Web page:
One of the things I enjoy about space exploration is the fact that many of the questions that motivate space science research are very easy to understand. But their answers can be surprisingly difficult to obtain. An apparently simple question about the solar system that has turned out to be hard to answer: What is the biggest thing in the Kuiper belt? We know for certain that Eris is more massive than Pluto, but that's not how schoolkids usually order the sizes of things in solar system: what they care about is diameter. And we don't presently know which one has a bigger diameter, Pluto or Eris. It's going to be a while before we find out, if at all.
Art by Alex Parker
Who stands taller, Pluto or Eris?
When Eris was first discovered, its inherent brightness (which was significantly brighter than Pluto) implied it was probably larger than Pluto. But this wasn't a sure thing. The brightness of a distant object is a function of both its size and of how bright or dark its surface is. Pluto, we knew already, was an icy world. Its surface was about as reflective as that of icy outer solar system moons like Europa or Dione. Eris might have a surface as reflective as Pluto's, or even a little more, but it could be darker, possibly by a lot; so it was most plausible at the time of discovery that Eris was bigger than Pluto.
But then things got weird. In 2010, astronomers watched as Eris crossed in front a faint star. Watching such occultations can allow astronomers to measure the diameter of an object very precisely. We know the orbit pretty well, so we know the orbital speed pretty well, so timing how long the starlight winks out lets you determine how big the thing was where it crossed the star. Do this from several telescopes in different locations, and you can map out the two-dimensional shape of the world on the sky, which gives you a pretty precise number on its diameter. It turned out that Eris was much smaller than people thought; it was faking being the biggest object by being a very bright, reflective object. In fact, Bruno Sicardy, who eventually published a paper on this, said that it was now impossible to say which was bigger: "Eris appears as a Pluto twin."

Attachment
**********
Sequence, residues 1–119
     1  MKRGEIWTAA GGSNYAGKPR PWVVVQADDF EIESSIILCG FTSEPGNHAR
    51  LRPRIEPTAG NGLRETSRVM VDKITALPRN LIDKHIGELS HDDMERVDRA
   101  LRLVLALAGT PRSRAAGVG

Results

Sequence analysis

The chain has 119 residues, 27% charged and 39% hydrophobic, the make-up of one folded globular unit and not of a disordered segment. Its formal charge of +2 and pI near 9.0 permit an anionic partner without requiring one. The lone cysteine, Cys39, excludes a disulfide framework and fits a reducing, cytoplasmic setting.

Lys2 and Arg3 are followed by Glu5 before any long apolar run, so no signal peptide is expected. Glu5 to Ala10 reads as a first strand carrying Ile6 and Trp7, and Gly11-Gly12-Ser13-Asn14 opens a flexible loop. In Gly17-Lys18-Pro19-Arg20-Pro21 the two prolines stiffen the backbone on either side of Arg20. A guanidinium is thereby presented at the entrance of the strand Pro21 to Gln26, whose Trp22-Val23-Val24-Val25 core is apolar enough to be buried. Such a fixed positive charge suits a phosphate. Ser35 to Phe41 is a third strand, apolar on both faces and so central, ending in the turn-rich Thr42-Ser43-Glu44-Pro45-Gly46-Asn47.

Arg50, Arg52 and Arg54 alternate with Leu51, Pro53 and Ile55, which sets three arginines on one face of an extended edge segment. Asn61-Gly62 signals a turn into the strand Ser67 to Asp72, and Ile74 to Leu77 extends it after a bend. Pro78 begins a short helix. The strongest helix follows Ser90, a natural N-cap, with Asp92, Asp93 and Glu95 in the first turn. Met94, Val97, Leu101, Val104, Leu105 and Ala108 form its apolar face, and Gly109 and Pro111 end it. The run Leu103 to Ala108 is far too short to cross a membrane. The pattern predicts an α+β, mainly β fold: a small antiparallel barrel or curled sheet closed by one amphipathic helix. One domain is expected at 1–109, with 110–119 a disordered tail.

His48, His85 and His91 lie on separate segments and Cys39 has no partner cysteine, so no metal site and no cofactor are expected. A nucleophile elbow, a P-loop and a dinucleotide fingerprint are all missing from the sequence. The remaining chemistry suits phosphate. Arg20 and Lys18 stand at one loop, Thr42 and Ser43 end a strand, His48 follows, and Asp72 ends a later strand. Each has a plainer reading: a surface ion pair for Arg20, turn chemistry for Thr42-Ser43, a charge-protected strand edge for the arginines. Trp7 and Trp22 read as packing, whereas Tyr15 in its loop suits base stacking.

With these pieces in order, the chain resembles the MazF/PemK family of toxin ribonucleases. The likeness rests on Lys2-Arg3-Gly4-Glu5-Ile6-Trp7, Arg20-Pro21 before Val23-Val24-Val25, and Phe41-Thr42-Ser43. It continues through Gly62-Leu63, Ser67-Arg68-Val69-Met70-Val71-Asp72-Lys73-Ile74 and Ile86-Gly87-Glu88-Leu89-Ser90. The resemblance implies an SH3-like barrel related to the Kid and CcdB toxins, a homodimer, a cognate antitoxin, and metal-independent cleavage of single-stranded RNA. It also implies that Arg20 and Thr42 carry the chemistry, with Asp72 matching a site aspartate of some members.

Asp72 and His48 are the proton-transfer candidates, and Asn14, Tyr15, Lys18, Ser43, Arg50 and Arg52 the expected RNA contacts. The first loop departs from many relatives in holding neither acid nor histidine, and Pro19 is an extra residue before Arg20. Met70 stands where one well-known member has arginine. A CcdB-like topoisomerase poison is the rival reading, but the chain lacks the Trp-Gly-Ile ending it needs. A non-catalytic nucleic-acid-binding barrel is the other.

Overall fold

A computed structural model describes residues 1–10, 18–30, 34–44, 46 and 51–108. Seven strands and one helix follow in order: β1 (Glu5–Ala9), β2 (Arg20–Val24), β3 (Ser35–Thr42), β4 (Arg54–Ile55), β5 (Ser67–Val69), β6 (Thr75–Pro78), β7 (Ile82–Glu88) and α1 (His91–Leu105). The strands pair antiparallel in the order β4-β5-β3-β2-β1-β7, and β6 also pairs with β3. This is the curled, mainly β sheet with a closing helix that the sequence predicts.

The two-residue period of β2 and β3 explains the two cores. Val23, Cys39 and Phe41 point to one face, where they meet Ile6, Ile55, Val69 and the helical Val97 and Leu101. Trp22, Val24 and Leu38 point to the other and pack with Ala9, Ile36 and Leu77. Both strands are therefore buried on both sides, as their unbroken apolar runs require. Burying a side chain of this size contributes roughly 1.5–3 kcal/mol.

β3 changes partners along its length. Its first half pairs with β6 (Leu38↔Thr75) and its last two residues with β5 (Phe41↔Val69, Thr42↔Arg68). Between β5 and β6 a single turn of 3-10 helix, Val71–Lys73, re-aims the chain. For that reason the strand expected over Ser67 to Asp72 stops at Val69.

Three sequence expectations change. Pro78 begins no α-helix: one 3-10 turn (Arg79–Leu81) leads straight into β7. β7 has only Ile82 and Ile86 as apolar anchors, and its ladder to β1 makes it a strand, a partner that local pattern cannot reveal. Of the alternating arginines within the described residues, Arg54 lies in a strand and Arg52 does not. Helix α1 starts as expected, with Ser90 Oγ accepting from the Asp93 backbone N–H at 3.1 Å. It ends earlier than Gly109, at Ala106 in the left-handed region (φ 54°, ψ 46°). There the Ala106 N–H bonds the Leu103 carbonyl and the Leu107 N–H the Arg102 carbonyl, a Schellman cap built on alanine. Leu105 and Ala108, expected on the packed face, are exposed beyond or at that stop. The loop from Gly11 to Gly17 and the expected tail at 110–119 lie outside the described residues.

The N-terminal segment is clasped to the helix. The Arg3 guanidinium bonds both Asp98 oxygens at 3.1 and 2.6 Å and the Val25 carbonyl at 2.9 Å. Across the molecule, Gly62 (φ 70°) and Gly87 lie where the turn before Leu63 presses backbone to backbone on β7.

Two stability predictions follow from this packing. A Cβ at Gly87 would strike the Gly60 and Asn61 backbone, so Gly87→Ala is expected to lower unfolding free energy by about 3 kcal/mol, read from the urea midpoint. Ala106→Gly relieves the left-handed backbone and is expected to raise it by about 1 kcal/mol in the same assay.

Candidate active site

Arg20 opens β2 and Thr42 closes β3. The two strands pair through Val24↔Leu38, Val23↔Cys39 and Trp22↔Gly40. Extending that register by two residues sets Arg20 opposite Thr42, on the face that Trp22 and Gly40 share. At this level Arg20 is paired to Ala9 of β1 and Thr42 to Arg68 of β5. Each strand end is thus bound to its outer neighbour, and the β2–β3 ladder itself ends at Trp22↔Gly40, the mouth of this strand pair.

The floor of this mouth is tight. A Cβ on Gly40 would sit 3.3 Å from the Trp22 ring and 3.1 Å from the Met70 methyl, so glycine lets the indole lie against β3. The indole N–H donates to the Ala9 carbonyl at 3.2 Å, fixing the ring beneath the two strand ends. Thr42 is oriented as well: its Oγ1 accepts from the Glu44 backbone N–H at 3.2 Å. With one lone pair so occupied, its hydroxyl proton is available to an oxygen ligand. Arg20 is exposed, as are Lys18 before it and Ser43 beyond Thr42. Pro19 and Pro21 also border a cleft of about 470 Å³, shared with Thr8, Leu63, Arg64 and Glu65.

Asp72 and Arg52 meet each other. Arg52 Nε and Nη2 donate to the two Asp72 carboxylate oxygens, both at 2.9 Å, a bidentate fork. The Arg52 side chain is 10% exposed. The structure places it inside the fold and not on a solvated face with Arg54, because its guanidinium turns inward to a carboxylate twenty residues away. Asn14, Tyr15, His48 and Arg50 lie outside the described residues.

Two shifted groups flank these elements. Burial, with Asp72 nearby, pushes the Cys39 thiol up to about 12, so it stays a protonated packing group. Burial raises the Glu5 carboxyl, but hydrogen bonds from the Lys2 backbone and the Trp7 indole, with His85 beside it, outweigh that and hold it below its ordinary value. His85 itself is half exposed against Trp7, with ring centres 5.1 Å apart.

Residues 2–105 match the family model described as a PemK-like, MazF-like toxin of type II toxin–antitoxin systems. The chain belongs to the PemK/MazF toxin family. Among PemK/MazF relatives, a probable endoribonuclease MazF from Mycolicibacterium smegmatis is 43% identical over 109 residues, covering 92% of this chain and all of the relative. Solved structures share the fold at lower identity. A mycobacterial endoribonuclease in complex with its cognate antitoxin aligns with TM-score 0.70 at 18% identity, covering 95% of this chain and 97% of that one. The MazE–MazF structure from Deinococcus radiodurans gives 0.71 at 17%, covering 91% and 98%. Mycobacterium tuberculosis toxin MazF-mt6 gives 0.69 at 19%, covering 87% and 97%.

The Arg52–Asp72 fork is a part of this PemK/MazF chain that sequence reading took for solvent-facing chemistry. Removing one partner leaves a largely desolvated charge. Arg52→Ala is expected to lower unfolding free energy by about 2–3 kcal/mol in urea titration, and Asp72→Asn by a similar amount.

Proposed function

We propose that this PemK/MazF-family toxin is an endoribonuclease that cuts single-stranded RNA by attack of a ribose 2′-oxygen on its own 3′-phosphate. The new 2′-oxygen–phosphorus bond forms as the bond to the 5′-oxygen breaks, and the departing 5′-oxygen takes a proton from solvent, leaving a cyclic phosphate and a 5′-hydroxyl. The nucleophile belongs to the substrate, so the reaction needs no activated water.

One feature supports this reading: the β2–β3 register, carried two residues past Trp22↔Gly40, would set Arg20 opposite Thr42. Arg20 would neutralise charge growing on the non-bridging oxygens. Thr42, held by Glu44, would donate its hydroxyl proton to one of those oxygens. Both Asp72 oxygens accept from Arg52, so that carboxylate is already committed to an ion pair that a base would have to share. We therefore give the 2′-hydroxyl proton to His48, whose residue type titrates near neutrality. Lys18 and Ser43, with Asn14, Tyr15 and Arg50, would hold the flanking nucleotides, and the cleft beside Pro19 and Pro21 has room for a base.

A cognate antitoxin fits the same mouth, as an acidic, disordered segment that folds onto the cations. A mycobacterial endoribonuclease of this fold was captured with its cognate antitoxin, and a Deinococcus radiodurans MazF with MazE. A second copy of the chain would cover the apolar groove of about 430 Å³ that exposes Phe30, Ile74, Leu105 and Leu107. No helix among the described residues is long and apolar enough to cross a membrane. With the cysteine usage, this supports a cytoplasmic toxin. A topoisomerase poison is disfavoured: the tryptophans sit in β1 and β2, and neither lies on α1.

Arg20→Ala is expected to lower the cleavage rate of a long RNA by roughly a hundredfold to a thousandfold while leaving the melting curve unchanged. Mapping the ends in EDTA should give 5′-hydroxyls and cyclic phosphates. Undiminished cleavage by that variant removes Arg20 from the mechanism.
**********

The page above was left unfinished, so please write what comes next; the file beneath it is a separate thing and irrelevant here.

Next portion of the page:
Occultation of a faint star by Eris
On November 6, 2010, the dwarf planet Eris passed in front of a very faint star, causing its light to wink out briefly.
Sicardy and his coworkers had a very precise measure for Eris' diameter: 2,336 +/- 12 kilometers. But in the abstract to their 2011 paper, they compared it to a much less precise number for Pluto: between 2,300 and 2,400 kilometers. We've studied Pluto for most of a century. How do we not know Pluto's diameter yet?
Pluto's diameter has been very difficult to determine because of its pesky atmosphere, which refracts starlight, so it spoofs the timing of the stellar occultation. (You can see the contrast between stellar occultations by Charon, which lacks an atmosphere, and Pluto, in this blog entry.) I was prompted to write about this subject by a recent paper by Emmanuel Lellouch and coworkers that reports a new estimate of Pluto's diameter. The paper isn't directly about Pluto's diameter; it is actually about the variation of methane abundance in Pluto's atmosphere with altitude, time, and geography. But one consequence of Lellouch's models is an estimate of where that atmosphere bottoms out -- that is, the location of the surface. The atmospheric modeling work is more consistent with a shallower atmosphere and hence larger Pluto, with diameter of more than 2360 kilometers; the "best guess" value is 2368, which would certainly be larger in diameter than Eris.
Lellouch's estimate is just the latest of many attempts to pin down Pluto's diameter; it's a compelling argument and adds a bean to the "it's bigger" jar but isn't conclusive. Fortunately, we're about to have a close flyby of Pluto by a spacecraft that should settle this question once and for all, as long as the two worlds are not so close in size as to still be indistinguishable after the New Horizons flyby. I sent an email to New Horizons principal investigator Alan Stern asking when New Horizons would finally answer this question, and how exactly they would be able to make the determination. Alan sent a lengthy response: